Barefeet Theatre is an NGO built by a team of artists to share their creative disciplines with young people, with the sole purpose of bringing about change and human development. They are an outward looking cultural movement founded in Zambia in 2006 by a group of Zambian and Irish artists who met by chance (some would say fate), and began to collaborate creatively together, delivering theatre workshops with children living on the streets. The workshops were a great success, and many children came off the streets and into the Children’s Centres as a direct result of engaging in the workshops.

Barefeet Theatre is committed to contributing to the development of the children living on the streets, previously on the streets or at risk of going to the streets of Zambia, into physical, healthy, cognitively and socially competent young people. Through the theatre for development methods of play, creativity and self-expression, Barefeet offers these children opportunities for divergent thinking and encourages them to believe in their own capacity to be creative and make positive life choices. Many of the Barefeet members have themselves lived on the streets and grown up in the very Children Centres that they now deliver workshops in, acting as fantastic inspirational role models for the children and youth they work with.

Over the years, Barefeet has grown organically, adapting to the opportunities that have been presented to them, and always maintaining a strong focus on their history and identity. Throughout this journey, the complexity of the organisation’s work and its reach among vulnerable children in Zambia have grown in tandem. They have been able to attract the interest of a number of key supporters who also realise the transformative potential of using creative arts to reach out and extend a protective arm around vulnerable children in Zambia.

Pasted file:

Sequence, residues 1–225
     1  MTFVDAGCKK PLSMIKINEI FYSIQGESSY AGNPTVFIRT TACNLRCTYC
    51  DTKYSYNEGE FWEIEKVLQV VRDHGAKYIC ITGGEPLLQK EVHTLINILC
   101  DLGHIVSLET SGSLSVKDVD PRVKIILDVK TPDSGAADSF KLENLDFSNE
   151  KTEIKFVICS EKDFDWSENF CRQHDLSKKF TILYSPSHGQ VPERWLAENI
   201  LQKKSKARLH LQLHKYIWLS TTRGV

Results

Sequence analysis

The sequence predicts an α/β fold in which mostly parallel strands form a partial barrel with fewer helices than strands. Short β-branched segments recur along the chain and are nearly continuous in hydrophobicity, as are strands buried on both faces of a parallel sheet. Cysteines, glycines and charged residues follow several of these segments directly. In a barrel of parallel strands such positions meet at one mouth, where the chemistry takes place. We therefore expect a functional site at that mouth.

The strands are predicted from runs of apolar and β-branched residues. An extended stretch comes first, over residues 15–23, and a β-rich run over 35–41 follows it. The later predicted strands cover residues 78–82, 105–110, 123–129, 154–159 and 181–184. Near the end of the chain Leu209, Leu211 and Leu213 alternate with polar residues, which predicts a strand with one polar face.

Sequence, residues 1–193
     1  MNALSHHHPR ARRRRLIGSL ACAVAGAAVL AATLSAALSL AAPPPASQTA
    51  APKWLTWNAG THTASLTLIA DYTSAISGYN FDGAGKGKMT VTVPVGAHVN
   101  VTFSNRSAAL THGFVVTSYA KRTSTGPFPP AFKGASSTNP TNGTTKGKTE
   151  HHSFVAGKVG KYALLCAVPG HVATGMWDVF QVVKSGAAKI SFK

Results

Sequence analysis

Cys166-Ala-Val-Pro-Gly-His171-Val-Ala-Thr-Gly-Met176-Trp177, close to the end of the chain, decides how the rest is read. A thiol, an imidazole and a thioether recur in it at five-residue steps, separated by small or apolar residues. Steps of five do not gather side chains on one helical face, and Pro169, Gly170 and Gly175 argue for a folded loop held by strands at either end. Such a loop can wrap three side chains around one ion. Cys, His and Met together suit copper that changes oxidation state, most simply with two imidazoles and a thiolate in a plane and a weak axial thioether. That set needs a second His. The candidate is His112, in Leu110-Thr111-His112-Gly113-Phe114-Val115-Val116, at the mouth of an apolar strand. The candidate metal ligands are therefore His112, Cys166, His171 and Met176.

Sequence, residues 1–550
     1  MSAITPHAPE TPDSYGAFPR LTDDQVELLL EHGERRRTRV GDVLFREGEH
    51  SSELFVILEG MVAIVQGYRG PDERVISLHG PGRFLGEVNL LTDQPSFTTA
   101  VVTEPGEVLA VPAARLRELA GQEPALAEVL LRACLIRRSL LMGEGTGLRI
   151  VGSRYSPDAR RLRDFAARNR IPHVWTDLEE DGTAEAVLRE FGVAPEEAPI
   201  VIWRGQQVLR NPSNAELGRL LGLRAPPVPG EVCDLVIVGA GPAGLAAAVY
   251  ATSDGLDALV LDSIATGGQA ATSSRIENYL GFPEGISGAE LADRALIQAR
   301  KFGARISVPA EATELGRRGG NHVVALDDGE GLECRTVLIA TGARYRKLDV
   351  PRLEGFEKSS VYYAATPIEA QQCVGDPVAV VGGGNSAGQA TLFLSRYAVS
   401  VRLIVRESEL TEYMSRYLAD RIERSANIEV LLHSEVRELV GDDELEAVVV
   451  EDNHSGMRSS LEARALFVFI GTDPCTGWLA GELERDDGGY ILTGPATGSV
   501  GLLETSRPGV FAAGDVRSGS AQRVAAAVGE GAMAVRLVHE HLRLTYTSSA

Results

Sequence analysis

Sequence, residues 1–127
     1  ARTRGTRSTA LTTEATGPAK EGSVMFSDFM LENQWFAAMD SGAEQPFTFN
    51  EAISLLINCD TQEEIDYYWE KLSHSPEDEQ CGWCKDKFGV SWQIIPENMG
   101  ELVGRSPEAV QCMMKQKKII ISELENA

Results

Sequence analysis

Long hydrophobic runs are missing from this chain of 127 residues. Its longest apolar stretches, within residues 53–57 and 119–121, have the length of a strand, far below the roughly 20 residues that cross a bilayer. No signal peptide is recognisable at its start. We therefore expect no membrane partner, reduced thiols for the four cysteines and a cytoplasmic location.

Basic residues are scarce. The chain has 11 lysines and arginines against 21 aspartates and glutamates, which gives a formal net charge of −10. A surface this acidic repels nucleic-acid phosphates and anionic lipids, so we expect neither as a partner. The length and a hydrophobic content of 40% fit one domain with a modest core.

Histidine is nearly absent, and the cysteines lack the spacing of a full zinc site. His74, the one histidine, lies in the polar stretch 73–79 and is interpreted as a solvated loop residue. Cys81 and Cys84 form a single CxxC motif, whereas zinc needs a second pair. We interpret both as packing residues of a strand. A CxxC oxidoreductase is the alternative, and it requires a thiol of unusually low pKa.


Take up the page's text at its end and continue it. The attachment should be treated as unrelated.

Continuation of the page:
Their biggest challenge is difficulty in getting new funding. In their early years, Barefeet was fortunate to have many people believe in their ambition, and as such getting funding wasn’t as hard a task as it is today, due to factors such as the economy in Zambia and a considerable reduction in funding for the arts. This is aggravated by the fact that their current communications strategy does not thoroughly convey all the work that they do nowadays, a portfolio which keeps getting bigger as they venture into new activities in Zambia and abroad.

To address this challenge, this placement with Barefeet will help them create a new long term marketing strategy that reflects where they currently stand as an organisation and their current portfolio of activities, with a view to attracting new funders and donors. This revamped strategy will also work as one of the tools to ensure their financial sustainability in the years ahead.

BBH London are sending Alice Walker on TIE in 2020 to work with Barefeet Theatre on this project. You can learn more about her here.